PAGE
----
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NOTE - For those who don't like long-posts, long story short - Detail strip = easy, many gun shop employees = idiots.

Ok, I'll be honest, when it comes to detail stripping, the most I have ever personally tried was on my Glock 17 or my Ruger 10/22. I've avoided doing it to my 1911s because so many gun shop employees tells me it's "God-Awful Hard" to do this detail strip.

After looking over a friend's shoulder as he does gunsmithing on 1911s, tonight I just said, "eh, what the hey" and decided to try this "gunsmith-only task", as far too many gun shop employees have told me.

I could not believe how easy it was. Yes, it had more parts than the Glock (though not by much), but it was so easy and simple, with the only tool I needed was the small l-shaped tool for the MSH (Springfield ILS) and my Swiss Champ, though I did use a Wilson Combat Versa-Tool to make it a little bit easier on some parts. I probably wouldn't have even needed to use the Versa-Tool with the availability of this Swiss knife.

On reassembly, I wasn't the most confident on the way I had put the seer and disconnected together, but after some examination and some double-checking on a picture that I have stored on my computer, I got everything installed perfectly.

What I had done was remove the match trigger that I had installed in this old Springfield GI-45, to go back to the stock WWII look (Minus the higher profile sights and rubber Hogue grips). It occurred to me that, while I love this 1911, I'd rather keep this one in the car for defense than my Springfield Loaded for longer periods of time.

All that being said, the function check worked perfectly, and I'm 100% confident that this gun is ready for carry now, though I plan on taking a few test shots tomorrow morning... just to be safe.

So what's the point of this post? Don't listen to those gun shop fools when they tell you that it's a gunsmith-only task to detail strip the 1911; if you can field-strip it, you can detail-strip it.
 

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Don't listen to those gun shop fools when they tell you that it's a gunsmith-only task to detail strip the 1911
Absolutely. The 1911 is so simple to detail strip. I actually have more confidence in detail stripping my 1911's than I do my XD40.
 

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That, and the parts are made so that they can be used as tools to help you do the job. :)
 

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That, and the parts are made so that they can be used as tools to help you do the job. :)
Yup, remove slide stop with fingers, remove firing pin stop with slide stop, remove MSH housing pin, hammer pin and sear pin with firing pin... remove hammer strut pin with nuclear bomb and anvil.... :D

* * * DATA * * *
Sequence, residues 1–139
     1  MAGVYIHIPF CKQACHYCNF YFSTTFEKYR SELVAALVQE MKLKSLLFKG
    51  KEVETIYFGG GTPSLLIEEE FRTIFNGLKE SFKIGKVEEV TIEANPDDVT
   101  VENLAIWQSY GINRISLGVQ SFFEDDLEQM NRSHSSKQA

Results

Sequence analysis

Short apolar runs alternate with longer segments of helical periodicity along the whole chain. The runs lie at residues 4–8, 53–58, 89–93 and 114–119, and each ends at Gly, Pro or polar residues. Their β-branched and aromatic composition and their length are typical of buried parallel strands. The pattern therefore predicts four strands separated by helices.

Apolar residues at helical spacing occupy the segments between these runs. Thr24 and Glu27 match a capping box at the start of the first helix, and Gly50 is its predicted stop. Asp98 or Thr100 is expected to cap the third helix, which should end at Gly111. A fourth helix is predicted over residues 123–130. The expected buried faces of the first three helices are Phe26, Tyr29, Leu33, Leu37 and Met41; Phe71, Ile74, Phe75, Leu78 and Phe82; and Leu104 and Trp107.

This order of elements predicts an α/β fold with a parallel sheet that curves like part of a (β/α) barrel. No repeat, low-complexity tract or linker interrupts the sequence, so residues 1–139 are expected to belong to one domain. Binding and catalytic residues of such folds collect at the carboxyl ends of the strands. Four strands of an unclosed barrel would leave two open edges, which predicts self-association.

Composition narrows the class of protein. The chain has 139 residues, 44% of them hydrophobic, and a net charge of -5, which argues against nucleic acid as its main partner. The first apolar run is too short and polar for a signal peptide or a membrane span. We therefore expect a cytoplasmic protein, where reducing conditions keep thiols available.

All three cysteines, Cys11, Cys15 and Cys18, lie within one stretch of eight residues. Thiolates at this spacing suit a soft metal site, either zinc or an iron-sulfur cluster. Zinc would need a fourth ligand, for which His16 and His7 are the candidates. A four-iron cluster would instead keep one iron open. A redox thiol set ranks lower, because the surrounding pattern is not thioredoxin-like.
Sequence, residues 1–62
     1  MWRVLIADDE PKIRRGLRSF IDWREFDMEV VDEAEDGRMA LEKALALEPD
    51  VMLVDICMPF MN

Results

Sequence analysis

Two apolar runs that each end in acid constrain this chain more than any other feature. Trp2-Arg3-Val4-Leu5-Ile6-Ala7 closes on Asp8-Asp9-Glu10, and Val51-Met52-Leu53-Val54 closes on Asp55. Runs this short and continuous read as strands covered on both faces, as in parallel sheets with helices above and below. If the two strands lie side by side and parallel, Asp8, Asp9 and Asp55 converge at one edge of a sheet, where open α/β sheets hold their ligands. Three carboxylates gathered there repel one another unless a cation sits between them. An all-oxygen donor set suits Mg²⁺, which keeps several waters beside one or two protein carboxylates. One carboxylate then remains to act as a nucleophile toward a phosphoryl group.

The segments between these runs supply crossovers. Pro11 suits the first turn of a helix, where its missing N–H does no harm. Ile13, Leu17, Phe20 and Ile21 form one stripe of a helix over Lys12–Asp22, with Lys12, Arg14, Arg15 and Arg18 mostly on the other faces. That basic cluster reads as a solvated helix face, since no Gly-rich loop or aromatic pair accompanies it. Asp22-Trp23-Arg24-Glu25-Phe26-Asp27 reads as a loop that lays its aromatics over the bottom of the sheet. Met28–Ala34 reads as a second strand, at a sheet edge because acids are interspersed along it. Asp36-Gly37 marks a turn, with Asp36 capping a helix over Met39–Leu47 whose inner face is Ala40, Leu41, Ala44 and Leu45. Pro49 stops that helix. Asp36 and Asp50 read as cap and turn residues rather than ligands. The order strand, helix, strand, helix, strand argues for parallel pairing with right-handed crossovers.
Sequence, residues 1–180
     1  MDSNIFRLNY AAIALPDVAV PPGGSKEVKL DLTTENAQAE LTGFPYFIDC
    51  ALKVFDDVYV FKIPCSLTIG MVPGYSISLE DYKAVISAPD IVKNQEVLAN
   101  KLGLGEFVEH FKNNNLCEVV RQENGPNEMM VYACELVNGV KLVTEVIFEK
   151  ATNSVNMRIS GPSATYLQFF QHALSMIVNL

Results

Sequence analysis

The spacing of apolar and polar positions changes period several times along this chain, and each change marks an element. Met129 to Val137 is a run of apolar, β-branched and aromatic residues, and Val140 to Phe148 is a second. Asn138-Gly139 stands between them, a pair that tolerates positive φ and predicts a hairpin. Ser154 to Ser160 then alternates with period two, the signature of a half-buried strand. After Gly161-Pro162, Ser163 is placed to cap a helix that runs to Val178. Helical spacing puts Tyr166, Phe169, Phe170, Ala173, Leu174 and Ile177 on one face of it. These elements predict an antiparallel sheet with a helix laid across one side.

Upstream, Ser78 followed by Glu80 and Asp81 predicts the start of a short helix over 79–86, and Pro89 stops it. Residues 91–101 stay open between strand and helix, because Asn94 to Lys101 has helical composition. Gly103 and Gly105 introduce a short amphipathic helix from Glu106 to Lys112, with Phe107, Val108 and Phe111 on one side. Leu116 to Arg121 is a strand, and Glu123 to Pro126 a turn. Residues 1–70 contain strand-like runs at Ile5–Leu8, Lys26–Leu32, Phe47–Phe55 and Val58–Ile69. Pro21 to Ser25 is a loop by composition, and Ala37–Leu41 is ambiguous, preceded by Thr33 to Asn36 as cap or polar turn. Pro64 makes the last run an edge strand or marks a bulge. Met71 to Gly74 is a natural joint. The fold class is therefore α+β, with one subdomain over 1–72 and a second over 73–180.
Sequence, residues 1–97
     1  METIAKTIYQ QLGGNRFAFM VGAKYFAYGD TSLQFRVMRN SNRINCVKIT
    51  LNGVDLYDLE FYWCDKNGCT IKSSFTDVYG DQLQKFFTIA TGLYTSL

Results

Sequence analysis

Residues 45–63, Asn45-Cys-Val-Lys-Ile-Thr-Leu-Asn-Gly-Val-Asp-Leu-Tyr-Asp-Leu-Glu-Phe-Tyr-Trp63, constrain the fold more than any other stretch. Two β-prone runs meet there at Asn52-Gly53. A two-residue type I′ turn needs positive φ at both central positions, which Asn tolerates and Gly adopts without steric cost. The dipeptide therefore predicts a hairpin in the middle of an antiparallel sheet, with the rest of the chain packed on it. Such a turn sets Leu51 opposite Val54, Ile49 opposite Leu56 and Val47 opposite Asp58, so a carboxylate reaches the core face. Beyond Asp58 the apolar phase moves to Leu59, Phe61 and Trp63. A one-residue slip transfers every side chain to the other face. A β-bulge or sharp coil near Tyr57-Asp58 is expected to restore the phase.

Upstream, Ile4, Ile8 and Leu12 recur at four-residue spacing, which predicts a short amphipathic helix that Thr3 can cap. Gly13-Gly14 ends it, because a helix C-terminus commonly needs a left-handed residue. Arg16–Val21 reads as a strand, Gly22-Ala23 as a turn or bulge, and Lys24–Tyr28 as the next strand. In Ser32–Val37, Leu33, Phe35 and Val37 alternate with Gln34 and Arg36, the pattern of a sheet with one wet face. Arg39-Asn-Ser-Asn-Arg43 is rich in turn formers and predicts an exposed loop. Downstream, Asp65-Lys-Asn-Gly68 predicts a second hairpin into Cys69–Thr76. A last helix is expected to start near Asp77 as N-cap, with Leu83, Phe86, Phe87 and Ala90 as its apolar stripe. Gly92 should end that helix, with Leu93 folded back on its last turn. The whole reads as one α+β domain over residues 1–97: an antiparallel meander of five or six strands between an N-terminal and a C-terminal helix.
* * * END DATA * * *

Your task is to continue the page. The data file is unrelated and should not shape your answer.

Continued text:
The only "External" tool required to completely disassemble the firearm is either a flat head screwdriver OR a fired 45acp case to remove the grip screws (If you have an actual GI model firearm)
 

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This video helps, and a bonus soundtrack if you like 80s music! :mrgreen:

Cheers! M2
 

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I just did my first 1911 detail strip on my Loaded. I havent even fired it yet. But I like to clean things out and know there is nothing foreign in there before shooting my new guns.

Like you said, it was really easy. It took me a minute or two to get the leaf spring back in place...but it didnt take me long to figure out how to put the MSH back on part way to hold it.

I could do it with simple tools or a multi-tool IF my grips weren't torx heads...I got a torx driver for those.

J.
 

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zulu45, when you get really good at detail striping and re-assembly, try going to a store, ask to see one of the 1911's, and proceed to take it apart. Usually they start to freak out when you take the barrel out of the slide. I only do this on stock guns and it most always gets a rise out of them.
 

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zulu45, when you get really good at detail striping and re-assembly, try going to a store, ask to see one of the 1911's, and proceed to take it apart. Usually they start to freak out when you take the barrel out of the slide. I only do this on stock guns and it most always gets a rise out of them.
This is always a great boring day exercise when there's a young kid behind the counter....

Don't forget to start walking away while it's in pieces to hear the ever so wondering, "Sir, SIR!".
 

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Discussion Starter #9
zulu45, when you get really good at detail striping and re-assembly, try going to a store, ask to see one of the 1911's, and proceed to take it apart. Usually they start to freak out when you take the barrel out of the slide. I only do this on stock guns and it most always gets a rise out of them.
I am literally cracking up laughing at this idea. I could just imagine the faces of some of these employees who said it's for a gunsmith-only.

If I ever buy a used 1911, though, I'll definitely do this. I won't buy a used one without detail-stripping and examining it inside and out.
 
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